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Poole spells out growing concerns over county wide COVID surge at BOC Work Session

AMERICUS – Sumter County EMA Director Nigel Poole expressed his growing concern over the growing county wide surge of COVID-19 Delta Variant cases at the Sumter County Board of Commissioners’ Work Session on Tuesday, August 10 at the Sumter County courthouse.
The BOC had planned to open the courthouse chamber to the public so that citizens could attend the BOC’s work sessions and regular meetings like they were able to do before the pandemic started in March of 2020.  However, due to the recent surge of Delta Variant cases, the BOC decided to continue to keep the chamber closed to the public and continue to broadcast its monthly work sessions and regular meetings to the public by way of Zoom.

“We’ve had a 505 percent increase of COVID cases in Sumter County from the last two weeks,” Poole told the BOC. “Our number, as of yesterday (Monday, August 9), was 53 active cases. We haven’t been this high in COVID cases since January 2021.”

Poole went on to say that the Delta Variant is running through the community pretty handily and that Phoebe Sumter Medical Center has had to dispatch mobile units to take care of patients because they have no beds available in the ER and are on full diversion. “We are seeing numbers that we haven’t seen in a long time,” Poole said. “We (Sumter County EMA) are meeting weekly every Tuesday at 2 p.m. I encourage our Commissioners to attend those meetings. We’re getting lots of information form the hospitals, from our healthcare providers and from our other government entities. We are not under a State of Emergency any longer, so requesting items from GEMA is a question at this time.” Poole went on to add that when the county was under a State of Emergency due to the pandemic, he could request 500 masks and GEMA would have them delivered that same week, but at the present time, there are questions as to whether necessities such as masks will be delivered.

“I did have a request from Phoebe Sumter Medical Center today (Tuesday, August 10) for six stretchers, or beds,” Poole said. “I was thankful to see that that request was assigned and they are working on trying to fulfill that request.”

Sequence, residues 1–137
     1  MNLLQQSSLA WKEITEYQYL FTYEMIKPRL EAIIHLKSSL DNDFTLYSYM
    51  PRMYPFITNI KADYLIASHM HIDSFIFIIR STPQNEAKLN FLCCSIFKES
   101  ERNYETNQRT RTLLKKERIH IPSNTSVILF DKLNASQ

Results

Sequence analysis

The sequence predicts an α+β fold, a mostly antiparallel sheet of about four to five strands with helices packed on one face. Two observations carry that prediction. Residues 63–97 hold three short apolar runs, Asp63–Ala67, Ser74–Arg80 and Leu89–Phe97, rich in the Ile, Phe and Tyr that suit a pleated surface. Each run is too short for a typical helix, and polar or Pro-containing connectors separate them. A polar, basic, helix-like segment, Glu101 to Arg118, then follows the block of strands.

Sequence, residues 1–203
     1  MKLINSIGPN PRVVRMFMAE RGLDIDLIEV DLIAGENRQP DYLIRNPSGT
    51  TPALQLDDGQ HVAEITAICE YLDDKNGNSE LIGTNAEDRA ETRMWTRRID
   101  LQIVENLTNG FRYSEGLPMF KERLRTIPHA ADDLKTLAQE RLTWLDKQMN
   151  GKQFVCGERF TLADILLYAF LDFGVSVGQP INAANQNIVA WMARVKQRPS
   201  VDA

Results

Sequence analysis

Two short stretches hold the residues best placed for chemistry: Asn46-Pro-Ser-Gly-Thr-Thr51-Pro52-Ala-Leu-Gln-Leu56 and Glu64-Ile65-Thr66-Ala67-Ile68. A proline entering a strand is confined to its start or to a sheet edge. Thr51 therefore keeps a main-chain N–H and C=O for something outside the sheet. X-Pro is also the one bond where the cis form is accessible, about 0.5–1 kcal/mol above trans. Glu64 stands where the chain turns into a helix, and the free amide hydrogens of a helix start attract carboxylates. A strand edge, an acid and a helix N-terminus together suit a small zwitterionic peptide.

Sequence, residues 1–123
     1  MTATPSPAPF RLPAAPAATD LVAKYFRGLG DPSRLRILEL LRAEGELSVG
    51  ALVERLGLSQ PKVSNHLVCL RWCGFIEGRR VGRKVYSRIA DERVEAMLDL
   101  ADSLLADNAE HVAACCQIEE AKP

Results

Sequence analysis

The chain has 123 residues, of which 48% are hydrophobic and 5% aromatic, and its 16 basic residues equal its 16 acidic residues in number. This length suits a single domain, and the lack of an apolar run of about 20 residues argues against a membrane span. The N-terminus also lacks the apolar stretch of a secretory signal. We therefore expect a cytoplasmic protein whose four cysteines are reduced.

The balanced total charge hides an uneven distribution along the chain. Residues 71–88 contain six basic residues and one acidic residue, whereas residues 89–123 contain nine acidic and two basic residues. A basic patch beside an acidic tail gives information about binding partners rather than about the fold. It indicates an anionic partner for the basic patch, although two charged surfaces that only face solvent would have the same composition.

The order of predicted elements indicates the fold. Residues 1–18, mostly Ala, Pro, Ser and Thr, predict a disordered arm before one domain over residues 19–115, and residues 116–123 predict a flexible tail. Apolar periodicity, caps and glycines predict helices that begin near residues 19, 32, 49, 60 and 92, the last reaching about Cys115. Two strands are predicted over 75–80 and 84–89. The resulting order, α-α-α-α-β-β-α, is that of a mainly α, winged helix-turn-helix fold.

Poole continue his speech before the BOC stating that he wants to encourage local citizens to get vaccinated if they haven’t already done so. “We are seeing definitive numbers that the vaccinations are proven to cause patients to have a shorter stay in the hospital if they do contract COVID,” Poole said. “We are seeing that the hospital is full of unvaccinated people right now. I’m just trying to get that information out to the public…trying to get mobile vaccination sites up and running and we’re working hard on trying to keep us all together and on the same page.”

Board Chairman Mark Waddell asked Poole what the current death toll is as a result of the current surge. Poole replied that the numbers of COVID-related deaths are staying about the same. Poole told the BOC that he had asked Phoebe Sumter officials what the average stay is for someone that has been diagnosed with COVID.

“They said that the average length of stay for someone who is unvaccinated is about 10 days and for the vaccinated people who do have COVID, that length of stay is about six to seven days,” Poole said. He added that Phoebe Sumter is doing what is termed Monoclonal Antibody Infusions, which is what the mobile units are for. “That’s seems to be having a pretty good response to this too,” Poole said.